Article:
Nick Clegg is finally having his day (or two) in Parliament about to Lords Reform.
This is something that many on the left in particular have been interested in for a while, and at a glance it seems like a no-brainer: the House of Lords is unelected, it’s full of rich old men who are utterly out of touch and it’s not particularly representative of the British People.
Except, you can pretty much say those last two about the House of Commons – so just switching the other place over to elected peers seems unlikely to change anything there. But what it will do is make Lords directly accountable to the electorate.
That’s a good thing, right?
Well, no. We’ve got a House which is directly accountable to us – that’s the House of Commons. And, rightly so, it’s the primary House of Parliament. If we make Lords indistinguishable from Commons, then we have to arbitrarily decide which one is most important.
And we also doom the House of Lords to the same U-turning, vote-grabbing decisions that we see on a daily basis in the House of Commons – because our MPs are very much aware that every decision they make could be their last – push for an unpopular bill, and you lose your next election.
Peers don’t have that worry – and this enables them to genuinely vote with their conscience. They don’t always do that – they’re vulnerable to the same sort of corruption and pressure as the rest of our government – but their removal from the electorate perversely gives them more freedom to make unpopular decisions, or to vote across party lines. It’s notable that in all the major issues of this Parliament (tuition fees, NHS, welfare reform), the ‘out-of-touch’ House of Lords has come closest to representing the view of the general public – even if their decisions were ultimately overturned by Commons.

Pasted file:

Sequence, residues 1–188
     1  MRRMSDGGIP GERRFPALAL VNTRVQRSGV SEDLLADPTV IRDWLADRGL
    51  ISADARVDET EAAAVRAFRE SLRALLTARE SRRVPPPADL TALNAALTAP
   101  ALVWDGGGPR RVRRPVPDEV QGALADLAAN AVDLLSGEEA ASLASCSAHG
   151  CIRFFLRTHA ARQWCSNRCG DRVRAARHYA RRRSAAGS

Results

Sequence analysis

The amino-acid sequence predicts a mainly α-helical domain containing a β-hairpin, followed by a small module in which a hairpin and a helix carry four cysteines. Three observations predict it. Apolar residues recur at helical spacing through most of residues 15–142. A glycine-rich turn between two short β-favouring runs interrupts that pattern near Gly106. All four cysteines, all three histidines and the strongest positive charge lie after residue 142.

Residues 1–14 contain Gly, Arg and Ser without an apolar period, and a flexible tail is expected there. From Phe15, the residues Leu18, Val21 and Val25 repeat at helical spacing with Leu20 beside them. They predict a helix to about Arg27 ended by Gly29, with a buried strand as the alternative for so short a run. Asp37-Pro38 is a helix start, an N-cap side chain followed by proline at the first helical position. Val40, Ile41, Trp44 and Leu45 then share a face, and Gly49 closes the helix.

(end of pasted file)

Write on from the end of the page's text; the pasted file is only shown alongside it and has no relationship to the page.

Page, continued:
All of this isn’t to say I wouldn’t like to see some reform in the House of Lords – as I said up at the top, it’s unrepresentative & full of rich old men. As we’re picking and choosing our Peers, I see no reason why Lords shouldn’t be almost perfectly representative of the UK as a whole – an even split of men and women, a fair spread of class, ethnicity, cultural background, religion.. etc.
What I don’t want to see is the House of Lords turned into a pale mockery of the House of Commons – with less power, but all the same problems.